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More than ever, Ohioans getting OK to carry concealed gun

Wire • Aug 9, 2013 at 2:36 PM

The number of concealed-carry permits issued in Ohio continues to soar, with the 63,481 new licenses approved in the first six months of this year, nearly equaling the total in all of 2012, which was a record year.

Attorney General Mike DeWine said 48,032 permits to carry concealed weapons were issued statewide from April 1 through June 30. That covered 32,074 new licenses and 15,958 renewals.

The total is a 27 percent jump over the first quarter this year, when 31,407 new licenses and 6,354 renewal licenses were issued, a total of 37,761.

The numbers are reported quarterly by county sheriffs to the Ohio Peace Officer Training Commission, a part of DeWine's office.

DeWine said the numbers from the first six months of this year eclipsed the total from any other year, except 2012, since the state began keeping track of concealed-carry licenses in 2004 after passage of a new law.

Gun-production companies have reported spikes in sales across the country, while the FBI has reported an increase in criminal-background checks, which are required for most gun purchases. Sporting-goods stores also have been selling out of ammunition.

The licenses have been especially popular in southwestern Ohio: Clermont County, east of Cincinnati, reported the most concealed-carry activity in the second quarter, with 2,444 new or renewed licenses, about 400 more than in the first three months of the year. Next were Montgomery (2,299) and Hamilton (1,982), both also in southwestern Ohio. Lake County, in northeastern Ohio, had 1,965, followed by Franklin (1,850) and Madison (1,570) in central Ohio. Cuyahoga County, home to Cleveland, reported 814.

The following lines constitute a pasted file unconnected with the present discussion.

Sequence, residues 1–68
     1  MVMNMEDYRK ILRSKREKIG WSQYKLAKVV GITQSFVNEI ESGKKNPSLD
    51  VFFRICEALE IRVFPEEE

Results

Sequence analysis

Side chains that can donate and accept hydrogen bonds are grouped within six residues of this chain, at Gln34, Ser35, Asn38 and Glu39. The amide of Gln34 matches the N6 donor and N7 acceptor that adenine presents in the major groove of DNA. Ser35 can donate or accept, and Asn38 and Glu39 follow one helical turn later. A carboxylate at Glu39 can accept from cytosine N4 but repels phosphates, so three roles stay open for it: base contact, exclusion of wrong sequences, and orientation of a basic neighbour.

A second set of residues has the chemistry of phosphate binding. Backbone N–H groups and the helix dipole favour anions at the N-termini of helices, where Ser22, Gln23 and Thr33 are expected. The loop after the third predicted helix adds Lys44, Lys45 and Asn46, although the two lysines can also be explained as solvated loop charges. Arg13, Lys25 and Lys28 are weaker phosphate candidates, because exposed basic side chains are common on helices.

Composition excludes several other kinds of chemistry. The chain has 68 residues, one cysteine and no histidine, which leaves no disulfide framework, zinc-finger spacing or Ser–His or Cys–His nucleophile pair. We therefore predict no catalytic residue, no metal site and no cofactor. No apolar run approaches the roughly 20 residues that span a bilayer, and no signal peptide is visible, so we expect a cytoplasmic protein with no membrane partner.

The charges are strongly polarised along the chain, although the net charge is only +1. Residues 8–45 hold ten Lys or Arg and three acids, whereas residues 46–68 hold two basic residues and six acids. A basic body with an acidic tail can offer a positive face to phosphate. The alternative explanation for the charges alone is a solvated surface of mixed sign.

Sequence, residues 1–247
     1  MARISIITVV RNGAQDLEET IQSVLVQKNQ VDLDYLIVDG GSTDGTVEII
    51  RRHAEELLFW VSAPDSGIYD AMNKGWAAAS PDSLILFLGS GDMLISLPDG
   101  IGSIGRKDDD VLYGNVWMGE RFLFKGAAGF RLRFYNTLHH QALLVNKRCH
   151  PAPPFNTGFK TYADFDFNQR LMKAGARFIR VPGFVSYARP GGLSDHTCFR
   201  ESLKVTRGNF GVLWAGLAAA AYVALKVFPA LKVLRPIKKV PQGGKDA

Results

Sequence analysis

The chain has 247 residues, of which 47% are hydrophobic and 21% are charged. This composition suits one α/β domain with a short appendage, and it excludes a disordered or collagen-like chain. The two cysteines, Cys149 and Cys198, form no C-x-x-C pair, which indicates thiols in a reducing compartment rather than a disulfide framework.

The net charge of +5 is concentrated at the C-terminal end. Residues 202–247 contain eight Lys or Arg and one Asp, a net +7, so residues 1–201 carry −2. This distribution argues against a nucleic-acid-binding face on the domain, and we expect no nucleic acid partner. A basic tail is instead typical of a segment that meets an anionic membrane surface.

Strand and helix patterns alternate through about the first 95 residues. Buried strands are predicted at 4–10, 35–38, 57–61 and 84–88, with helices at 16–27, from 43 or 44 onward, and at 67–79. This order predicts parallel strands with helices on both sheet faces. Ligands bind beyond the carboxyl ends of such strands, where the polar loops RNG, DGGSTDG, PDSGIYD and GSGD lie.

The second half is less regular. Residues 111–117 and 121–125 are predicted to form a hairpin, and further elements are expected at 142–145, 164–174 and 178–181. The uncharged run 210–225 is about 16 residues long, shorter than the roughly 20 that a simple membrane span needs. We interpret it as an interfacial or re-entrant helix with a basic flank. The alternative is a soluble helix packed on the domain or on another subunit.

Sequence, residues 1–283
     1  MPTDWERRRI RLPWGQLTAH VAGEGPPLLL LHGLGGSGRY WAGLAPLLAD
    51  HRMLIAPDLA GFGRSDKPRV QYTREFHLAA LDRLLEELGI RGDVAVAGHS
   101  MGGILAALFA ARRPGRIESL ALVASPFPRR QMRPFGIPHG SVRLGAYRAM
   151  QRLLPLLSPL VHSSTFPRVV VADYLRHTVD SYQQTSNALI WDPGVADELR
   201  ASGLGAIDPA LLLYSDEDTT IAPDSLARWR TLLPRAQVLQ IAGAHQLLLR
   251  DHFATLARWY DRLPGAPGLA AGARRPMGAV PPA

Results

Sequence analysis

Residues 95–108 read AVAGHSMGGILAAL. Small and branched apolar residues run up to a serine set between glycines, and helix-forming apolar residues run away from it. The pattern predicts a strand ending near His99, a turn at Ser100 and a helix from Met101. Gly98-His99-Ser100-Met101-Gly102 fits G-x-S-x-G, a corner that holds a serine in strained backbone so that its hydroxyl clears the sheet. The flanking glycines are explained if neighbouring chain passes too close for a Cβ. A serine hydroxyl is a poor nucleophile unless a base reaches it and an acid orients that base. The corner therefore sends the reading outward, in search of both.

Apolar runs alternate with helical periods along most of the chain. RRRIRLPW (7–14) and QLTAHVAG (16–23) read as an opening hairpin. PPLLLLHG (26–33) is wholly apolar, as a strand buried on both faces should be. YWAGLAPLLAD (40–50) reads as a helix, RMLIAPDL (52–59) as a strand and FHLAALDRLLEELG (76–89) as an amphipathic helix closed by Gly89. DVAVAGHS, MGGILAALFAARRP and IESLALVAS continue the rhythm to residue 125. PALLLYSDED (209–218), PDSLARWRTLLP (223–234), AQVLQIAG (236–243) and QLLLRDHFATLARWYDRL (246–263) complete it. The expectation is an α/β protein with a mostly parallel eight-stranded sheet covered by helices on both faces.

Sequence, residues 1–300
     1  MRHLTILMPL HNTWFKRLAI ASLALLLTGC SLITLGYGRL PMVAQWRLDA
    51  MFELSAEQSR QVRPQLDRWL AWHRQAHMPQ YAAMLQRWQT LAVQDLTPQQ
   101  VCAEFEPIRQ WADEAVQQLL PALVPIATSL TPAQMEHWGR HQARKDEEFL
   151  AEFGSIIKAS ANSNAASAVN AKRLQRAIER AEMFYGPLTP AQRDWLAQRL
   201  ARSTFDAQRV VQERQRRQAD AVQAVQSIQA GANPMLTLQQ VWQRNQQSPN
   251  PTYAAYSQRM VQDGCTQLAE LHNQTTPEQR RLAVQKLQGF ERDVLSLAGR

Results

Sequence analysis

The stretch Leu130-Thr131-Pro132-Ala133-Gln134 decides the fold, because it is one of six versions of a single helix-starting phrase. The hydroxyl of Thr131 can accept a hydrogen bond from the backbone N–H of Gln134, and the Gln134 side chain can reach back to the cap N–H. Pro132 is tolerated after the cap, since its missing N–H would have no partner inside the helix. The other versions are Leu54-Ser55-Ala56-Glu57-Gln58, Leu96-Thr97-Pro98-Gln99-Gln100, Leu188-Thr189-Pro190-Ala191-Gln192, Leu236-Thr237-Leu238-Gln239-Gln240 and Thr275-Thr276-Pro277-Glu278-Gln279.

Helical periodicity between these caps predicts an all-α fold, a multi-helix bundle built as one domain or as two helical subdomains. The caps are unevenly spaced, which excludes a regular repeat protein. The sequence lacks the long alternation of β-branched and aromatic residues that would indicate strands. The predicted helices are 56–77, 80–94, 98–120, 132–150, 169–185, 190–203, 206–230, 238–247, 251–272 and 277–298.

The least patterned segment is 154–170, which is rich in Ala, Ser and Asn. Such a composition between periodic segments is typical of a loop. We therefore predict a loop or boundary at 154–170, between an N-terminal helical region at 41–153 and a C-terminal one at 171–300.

Linda Walker, central Ohio chairwoman for Buckeye Firearms, said she was "excited to see the stats."

Walker said the turbulent political climate and the economic situation are prompting people to obtain weapons to protect themselves.

Toby Hoover of the Ohio Coalition Against Gun Violence said her organization has the same concern that it has had all along: "Putting more guns on the street is not the answer."

Hoover said Ohio's surge is consistent with what has been happening all over the country as more people listen to the rhetoric from advocates who fear that their guns are going to be taken away.

By Alan Johnson. Dispatch assistant public affairs editor Michelle Everhart contributed to this story.

ajohnson@dispatch.com @ohioaj

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